Wirecard: a good, old-fashioned accounting scandal, as seen on the web
The company’s collapse has generated huge waves of articles and quite a lot of social media posts. While their shares lost more than 90% of their value, their online reputation also reached negative peaks never seen before.
For over a year now, Financial Times have been reporting that the German fintech company Wirecard AG was faking some of its revenue. Up until recently, the company had pushed back saying that this was only a conspiracy against them with short sellers, and this tactic proved successful. In the middle of June, however, Wirecard failed to publish audited results for 2019 and it became public that one of their bank accounts - that was supposed to have €1.9 billion in it – is missing.
A huge scandal blew up and while it is still far from over, we decided to take a closer look at Wirecard’s appearance on the German web. We collected their mentions from the first of May: Wirecard actually had a fair share of daily mentions even before the scandal started, but then the amount tripled.
The company collapsed like a house of (wire)cards
The 18th of June is the first mention peak: at this point, the missing €1.9 billion had been discovered, the shares’ value began to severely drop, and the survival of the company was questioned. The next day, CEO Markus Braun (who had taken over the company in 2002) resigned.
The next and also largest mention peak on the 22nd of June is the result of the news that for the first time, Wirecard acknowledged that the €1.9 billion of cash never existed. The same day, Markus Braun was arrested, and he also sold about a million shares of his company (which he needed for bail). After a night in police custody, he was released for a deposit of five million euros. Finally, the 25th of June brought along the news that Wirecard had no choice but to file for insolvency, by this time, the company’s stocks dropped to a hundredth of their previous value.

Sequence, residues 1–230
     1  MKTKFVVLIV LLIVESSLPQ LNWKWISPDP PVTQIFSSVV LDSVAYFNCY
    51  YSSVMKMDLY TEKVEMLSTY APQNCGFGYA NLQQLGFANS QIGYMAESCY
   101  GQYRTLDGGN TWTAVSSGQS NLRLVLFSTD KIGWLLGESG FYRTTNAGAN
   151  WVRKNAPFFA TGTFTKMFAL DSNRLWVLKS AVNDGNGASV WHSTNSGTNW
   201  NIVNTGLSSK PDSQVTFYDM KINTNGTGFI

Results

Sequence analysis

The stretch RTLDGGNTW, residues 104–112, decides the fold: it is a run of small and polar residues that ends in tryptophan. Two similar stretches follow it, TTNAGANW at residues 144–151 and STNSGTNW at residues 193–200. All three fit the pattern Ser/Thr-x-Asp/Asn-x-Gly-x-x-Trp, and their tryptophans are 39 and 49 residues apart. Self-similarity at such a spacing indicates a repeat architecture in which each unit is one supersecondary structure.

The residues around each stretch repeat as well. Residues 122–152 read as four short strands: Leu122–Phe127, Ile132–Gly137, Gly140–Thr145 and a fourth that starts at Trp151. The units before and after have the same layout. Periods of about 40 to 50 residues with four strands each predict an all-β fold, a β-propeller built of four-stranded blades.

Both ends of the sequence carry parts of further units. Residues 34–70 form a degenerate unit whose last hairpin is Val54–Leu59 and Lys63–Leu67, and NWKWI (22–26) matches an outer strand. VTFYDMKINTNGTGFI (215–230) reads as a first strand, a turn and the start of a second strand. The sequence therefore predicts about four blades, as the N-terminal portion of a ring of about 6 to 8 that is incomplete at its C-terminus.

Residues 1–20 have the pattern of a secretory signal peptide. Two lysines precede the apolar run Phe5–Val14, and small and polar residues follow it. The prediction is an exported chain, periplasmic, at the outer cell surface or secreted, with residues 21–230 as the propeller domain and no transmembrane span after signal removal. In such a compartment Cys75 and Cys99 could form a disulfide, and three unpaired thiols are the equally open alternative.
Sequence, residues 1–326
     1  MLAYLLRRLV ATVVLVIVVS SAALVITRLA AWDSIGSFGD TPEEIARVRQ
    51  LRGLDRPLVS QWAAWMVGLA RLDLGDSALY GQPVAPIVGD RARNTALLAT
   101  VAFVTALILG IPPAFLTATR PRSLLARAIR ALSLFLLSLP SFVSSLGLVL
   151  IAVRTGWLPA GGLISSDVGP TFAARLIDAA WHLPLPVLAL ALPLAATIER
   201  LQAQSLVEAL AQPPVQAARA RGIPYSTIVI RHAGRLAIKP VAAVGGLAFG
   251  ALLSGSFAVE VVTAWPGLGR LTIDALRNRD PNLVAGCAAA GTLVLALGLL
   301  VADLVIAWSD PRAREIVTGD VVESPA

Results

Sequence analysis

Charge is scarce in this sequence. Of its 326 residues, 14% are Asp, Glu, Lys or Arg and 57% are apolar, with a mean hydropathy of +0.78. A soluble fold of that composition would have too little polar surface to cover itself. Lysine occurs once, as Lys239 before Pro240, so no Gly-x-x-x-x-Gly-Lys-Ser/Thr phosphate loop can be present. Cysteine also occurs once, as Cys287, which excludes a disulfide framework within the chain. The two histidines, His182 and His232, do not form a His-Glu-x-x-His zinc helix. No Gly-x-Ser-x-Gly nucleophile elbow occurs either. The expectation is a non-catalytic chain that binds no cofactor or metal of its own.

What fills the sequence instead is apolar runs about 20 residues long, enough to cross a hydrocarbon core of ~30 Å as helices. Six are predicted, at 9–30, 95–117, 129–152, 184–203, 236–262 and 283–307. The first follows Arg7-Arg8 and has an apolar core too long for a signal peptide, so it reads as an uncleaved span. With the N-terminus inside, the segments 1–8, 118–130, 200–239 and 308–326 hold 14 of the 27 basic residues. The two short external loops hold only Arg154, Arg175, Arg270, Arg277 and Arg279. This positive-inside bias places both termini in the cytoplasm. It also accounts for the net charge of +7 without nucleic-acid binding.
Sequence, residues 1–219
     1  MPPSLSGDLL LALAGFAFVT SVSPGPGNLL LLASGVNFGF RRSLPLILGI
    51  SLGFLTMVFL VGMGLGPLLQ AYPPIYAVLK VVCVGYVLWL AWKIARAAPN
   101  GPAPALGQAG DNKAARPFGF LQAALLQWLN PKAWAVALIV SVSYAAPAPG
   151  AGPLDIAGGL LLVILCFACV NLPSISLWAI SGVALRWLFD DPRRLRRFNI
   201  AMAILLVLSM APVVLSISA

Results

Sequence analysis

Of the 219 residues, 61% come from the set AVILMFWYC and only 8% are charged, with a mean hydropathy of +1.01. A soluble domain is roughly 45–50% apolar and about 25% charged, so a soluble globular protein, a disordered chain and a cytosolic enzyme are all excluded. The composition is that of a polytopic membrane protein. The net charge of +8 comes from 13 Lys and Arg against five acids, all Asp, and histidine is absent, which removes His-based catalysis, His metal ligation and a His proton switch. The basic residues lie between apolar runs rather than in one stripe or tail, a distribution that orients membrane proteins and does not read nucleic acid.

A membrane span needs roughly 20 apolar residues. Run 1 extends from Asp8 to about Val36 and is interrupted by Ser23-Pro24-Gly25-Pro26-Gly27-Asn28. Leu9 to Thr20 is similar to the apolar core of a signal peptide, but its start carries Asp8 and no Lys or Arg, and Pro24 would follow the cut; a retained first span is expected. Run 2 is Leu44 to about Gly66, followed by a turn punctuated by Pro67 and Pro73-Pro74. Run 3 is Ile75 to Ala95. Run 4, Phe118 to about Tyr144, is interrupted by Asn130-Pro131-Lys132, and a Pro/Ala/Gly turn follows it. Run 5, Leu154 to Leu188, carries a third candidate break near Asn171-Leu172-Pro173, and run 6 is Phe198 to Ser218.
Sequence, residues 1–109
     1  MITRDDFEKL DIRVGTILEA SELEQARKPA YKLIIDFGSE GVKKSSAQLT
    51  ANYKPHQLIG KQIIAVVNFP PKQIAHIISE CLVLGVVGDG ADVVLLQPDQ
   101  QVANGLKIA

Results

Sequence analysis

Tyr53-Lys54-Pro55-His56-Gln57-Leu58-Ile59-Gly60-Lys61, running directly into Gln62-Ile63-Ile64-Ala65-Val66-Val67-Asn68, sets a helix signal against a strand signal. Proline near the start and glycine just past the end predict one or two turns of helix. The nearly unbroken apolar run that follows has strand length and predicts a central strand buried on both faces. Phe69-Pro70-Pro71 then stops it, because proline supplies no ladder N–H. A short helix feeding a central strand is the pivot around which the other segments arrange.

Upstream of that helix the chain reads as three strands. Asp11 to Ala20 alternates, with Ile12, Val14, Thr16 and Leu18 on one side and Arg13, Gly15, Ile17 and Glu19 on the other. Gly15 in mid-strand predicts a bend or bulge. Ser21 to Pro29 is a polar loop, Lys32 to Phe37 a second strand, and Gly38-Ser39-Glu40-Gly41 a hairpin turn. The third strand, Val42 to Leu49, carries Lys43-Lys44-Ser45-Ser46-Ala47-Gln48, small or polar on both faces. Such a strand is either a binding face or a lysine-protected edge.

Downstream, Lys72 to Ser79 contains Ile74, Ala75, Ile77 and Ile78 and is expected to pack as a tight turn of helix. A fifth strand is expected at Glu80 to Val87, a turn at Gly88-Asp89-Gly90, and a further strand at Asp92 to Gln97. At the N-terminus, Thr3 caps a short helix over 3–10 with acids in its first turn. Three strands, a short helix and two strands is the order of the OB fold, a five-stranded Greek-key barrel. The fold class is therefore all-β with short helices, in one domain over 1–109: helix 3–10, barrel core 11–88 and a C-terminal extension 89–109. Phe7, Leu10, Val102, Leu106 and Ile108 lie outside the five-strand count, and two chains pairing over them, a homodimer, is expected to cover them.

The initial negativity became even worse
The drops in online reputation mostly followed the mention peaks we have seen, however, the worst day for Wirecard in this regard was the 29th of June. On this day, the media reported that the shares have become the game ball of speculators and the shares began to gain value, triggered by the announcement that the board of directors is continuing the business despite the application for insolvency. Some articles labelled this as a bad omen for the German financial scene and called Wirecard the Banana Republic of the country.
While the online reputation took a skydive, the number of potentially reached users was sometimes four times as high as before: on the same day that the largest mention peak happened, the reach of the news was almost 40 million.
News sites were way more involved than social media
In the last two months, more than 58% of Wirecard’s mentions came from articles, 11% of which were even on the frontpages. Social media was less involved in comparison: Facebook, Twitter and Instagram together only make up about a quarter of the mentions. The ratios only slightly change if we strictly look at mentions from the time when the scandal broke out.
Interaction data further supports this: even though there was of course a very significant rise in users’ engagement, the interaction per social media mention ratio is quite low. Another interesting tendency is that at the beginning of the scandal, the ‘like’ number on posts was much higher than towards the end, when ‘share’ numbers picked up and the biggest negativity wave came.
News sites expressed much more negativity than social media
The decline of Wirecard’s online reputation is largely due to articles, too. Facebook mentions did contain some negative opinions and users on various forum sites also joined in the discussion, but journalists were about 6-7 times more critical than social media users.
It is also visible that the negativity wave is not yet over: as German authorities are still investigating and more and more details of the case are being uncovered, Wirecard is still very likely to come up in articles and analyses in the near future.